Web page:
LAPS Areas of Expertise and Experience

Interventions

·      Psychosocial and educational support services

·      Child protection and GBV related services

·      Community-based assessment and development services

 

Specialized Counseling Services

·      Individual and group trauma counseling particularly for survivors of torture, severe war trauma, or sexual violence 

·      Marital and family counseling and mediation interventions

·      Child behavioral modification interventions

·      Caregiver interventions

·      HIV/aids counseling and awareness raising

·      Preparing child or adult survivors for court appearances and testimonies, including briefing, debriefing, and psycho-education

·      Crisis intervention for suicidal individuals or victims of recent violence

·      Community-wide healing process and services

·      Play therapy and other sports activities with children and adults in communities and at prisons.

 

·         LAPS counselors are trained on conducting detailed trauma history and trauma-related symptom assessment at the time of intake, creating individualized treatment plans and goals, monitoring the improvement of symptoms over a period of one year, and modifying intervention methods in the event that the clients are not experiencing improvement in their symptoms. Multiple methods of intervention, including non-clinical activities such as games and cultural performances, are often combined to yield maximum results. LAPS counselors are also highly experienced in mobilizing a community as a whole to foster a collective experience of healing as well as to resolve conflicts among family members or various sectors of communities.

 

Current Capacity

·      At the moment, LAPS is active in five counties of Liberia: Lofa, Grand Bassa, Bong, Montserrado, and Gbarpolu.

·      LAPS currently has 34 full-time staff and 10 part-time staff out of a membership of 52 trained staff with many years of experience.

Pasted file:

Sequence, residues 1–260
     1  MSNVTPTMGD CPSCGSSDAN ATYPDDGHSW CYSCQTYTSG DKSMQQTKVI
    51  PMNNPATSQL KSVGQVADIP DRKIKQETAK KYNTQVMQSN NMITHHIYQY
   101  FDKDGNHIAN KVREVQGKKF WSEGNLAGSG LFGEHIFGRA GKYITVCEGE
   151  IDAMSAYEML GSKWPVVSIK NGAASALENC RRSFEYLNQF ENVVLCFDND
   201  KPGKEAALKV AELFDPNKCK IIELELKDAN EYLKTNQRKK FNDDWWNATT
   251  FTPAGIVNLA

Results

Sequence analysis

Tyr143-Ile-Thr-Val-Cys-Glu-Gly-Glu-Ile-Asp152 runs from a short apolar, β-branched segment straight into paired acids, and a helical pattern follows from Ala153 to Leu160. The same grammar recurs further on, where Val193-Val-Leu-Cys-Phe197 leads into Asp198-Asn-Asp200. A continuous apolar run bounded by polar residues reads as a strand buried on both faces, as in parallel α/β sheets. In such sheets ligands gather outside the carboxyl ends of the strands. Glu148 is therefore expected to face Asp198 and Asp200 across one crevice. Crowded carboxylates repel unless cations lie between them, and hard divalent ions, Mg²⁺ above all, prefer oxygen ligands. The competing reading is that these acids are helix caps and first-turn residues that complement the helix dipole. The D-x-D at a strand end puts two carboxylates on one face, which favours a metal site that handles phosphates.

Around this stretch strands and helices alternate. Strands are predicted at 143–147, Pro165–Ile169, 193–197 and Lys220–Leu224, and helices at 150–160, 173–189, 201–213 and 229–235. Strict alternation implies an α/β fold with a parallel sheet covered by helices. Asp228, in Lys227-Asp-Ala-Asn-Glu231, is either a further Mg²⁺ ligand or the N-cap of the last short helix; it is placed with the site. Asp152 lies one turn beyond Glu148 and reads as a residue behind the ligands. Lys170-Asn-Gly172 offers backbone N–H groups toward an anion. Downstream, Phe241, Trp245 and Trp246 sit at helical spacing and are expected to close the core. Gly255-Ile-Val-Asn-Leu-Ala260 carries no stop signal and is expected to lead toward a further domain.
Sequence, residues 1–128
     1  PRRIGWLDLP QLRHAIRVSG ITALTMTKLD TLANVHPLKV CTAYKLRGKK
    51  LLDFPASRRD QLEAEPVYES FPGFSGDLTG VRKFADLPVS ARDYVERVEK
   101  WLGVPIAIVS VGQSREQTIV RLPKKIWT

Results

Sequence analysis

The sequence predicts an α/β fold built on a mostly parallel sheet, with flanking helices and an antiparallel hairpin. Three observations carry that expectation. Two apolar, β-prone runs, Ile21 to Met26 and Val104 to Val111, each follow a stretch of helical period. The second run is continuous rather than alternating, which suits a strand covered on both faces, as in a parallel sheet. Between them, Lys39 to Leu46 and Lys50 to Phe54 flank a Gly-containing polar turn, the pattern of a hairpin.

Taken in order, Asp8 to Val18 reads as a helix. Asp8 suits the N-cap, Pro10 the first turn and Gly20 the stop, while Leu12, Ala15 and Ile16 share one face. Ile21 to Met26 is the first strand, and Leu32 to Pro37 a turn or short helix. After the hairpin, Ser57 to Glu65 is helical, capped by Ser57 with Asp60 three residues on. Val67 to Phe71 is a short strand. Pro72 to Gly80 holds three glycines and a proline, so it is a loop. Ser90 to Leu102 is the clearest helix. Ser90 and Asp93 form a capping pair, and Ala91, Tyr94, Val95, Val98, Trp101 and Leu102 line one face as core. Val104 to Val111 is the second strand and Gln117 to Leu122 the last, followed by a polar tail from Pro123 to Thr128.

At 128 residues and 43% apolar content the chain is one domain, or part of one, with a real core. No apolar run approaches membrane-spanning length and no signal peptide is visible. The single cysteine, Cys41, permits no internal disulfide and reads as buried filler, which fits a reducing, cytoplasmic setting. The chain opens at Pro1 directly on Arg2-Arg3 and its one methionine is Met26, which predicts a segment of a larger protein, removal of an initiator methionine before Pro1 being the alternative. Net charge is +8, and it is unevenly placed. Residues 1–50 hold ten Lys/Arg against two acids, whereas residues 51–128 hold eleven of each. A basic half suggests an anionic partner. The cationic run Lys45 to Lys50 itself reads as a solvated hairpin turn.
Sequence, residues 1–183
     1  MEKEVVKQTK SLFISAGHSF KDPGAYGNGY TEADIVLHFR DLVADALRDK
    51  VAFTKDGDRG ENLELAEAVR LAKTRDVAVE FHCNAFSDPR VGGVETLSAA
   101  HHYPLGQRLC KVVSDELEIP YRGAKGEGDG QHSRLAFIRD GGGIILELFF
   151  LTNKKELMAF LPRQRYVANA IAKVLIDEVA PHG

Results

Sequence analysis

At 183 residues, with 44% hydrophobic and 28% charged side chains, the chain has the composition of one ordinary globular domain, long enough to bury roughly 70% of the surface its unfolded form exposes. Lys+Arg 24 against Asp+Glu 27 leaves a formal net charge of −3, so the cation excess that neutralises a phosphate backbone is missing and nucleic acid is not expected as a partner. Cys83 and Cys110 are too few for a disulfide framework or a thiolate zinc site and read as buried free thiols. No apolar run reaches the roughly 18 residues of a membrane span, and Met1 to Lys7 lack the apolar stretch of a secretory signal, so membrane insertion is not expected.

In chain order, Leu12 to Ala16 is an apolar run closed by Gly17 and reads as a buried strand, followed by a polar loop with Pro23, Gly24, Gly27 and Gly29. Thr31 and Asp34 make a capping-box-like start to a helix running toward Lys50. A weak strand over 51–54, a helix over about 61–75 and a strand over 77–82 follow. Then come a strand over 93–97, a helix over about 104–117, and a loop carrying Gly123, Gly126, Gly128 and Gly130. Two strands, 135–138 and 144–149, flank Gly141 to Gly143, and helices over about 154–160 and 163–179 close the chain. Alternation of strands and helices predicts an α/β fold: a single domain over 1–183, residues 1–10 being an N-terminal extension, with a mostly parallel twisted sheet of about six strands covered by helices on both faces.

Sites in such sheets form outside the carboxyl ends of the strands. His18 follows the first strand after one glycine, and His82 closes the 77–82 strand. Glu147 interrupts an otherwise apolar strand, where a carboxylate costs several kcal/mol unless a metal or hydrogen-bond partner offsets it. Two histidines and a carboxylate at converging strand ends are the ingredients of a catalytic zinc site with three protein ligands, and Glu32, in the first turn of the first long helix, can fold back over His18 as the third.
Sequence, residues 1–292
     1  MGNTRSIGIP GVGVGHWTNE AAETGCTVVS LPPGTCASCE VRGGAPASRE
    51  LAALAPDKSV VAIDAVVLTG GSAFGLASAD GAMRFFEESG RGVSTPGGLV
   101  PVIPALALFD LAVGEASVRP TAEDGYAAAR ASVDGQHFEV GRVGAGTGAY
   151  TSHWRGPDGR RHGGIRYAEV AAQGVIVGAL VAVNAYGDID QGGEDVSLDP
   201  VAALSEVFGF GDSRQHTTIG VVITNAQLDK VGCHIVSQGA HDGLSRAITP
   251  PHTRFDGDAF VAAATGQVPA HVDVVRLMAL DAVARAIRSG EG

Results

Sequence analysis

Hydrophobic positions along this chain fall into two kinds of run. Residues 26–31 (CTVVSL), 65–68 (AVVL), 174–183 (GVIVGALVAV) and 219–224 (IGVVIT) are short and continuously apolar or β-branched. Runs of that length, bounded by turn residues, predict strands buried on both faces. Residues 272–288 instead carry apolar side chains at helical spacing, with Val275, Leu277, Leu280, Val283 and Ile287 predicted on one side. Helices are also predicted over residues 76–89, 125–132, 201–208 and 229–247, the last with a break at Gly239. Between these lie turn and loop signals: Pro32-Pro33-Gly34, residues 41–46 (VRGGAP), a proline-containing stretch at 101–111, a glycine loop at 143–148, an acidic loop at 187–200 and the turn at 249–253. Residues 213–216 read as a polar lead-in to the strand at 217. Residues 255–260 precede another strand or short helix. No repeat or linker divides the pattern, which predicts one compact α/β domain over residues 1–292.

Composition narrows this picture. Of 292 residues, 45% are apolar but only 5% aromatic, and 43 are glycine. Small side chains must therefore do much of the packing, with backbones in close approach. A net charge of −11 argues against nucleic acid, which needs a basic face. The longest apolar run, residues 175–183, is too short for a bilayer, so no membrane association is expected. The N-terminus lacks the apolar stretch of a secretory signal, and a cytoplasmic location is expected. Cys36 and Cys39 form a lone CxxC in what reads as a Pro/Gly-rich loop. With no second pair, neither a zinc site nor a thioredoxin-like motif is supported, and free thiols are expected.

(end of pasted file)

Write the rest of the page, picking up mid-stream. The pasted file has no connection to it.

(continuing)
·      LAPS also have a database department staffed with trained and experienced data managers with knowledge and skills in the electronic processing of data using the following data management software: SPSS; EPI Info and PSPP.

 

Current Projects: 

The Community Healing Project in Voinjama in Lofa County

In Lofa County LAPS are in the process of closing the ‘Community Healing Project’ that started in December 2015, and will end in 2016. From 1990-2003 Liberia suffered to brutal civil wars that left around a quarter of a million dead. Many of the people who were killed in mass killings and massacres were never buried traditionally during the war. Ever since the war the people who were left behind have suffered from traumas, nightmares and lack of closure as they have not been able to bury their loved ones in a traditional manner. The primary activity in the Community Healing Project is therefore to do reburial ceremonies. In these ceremonies, the ghosts of the dead are put to peace, which traditionally and culturally brings blessings to the living. By giving the spirits a proper burial they will in return do something good for the living who will be blessed with better harvests and peace of mind.

The reburial ceremonies bring together locals residents and local authorities to mourn the deaths of those who were killed during the civil war. The ceremonies are accompanied and followed up by counseling and home visits by the LAPS staff to improve the psychological well-being of the living. Furthermore, LAPS arrange recreational activities in relation to the ceremony: football. Games, dance and communal meals to celebrate that the spirits have been put to rest.

The Prospects Psychosocial Program in Buchannan in Grand Bassa, Gbarnga in Bong, and Monrovia in Montserrado

In Buchannan, Gbarnga, Monrovia and BopuloLAPS is in charge of implementing three subprojects in the Mercy Corps project “Prospects Psychosocial Program”. The three projects are: ‘Managing My Emotions’, ‘Planning for Success’ and ‘Man and Woman Relations’.

Managing my emotions

In this project, the LAPS counselors help men and women of all age groups to better understand and manage their emotions. The counselors educate the beneficiaries about the psychology of emotions. The focus is especially on anger to help understand why people get angry and what usually happens physically and psychologically when people are angry. Through education and group discussions, the counselors teach the beneficiaries about positive and negative forms of communication and how communication can escalate or de-escalate anger and violent outbursts. The counseling takes place in groups to foster healthy discussions and the sharing of previous experiences with anger and violent outbursts.

Planning for success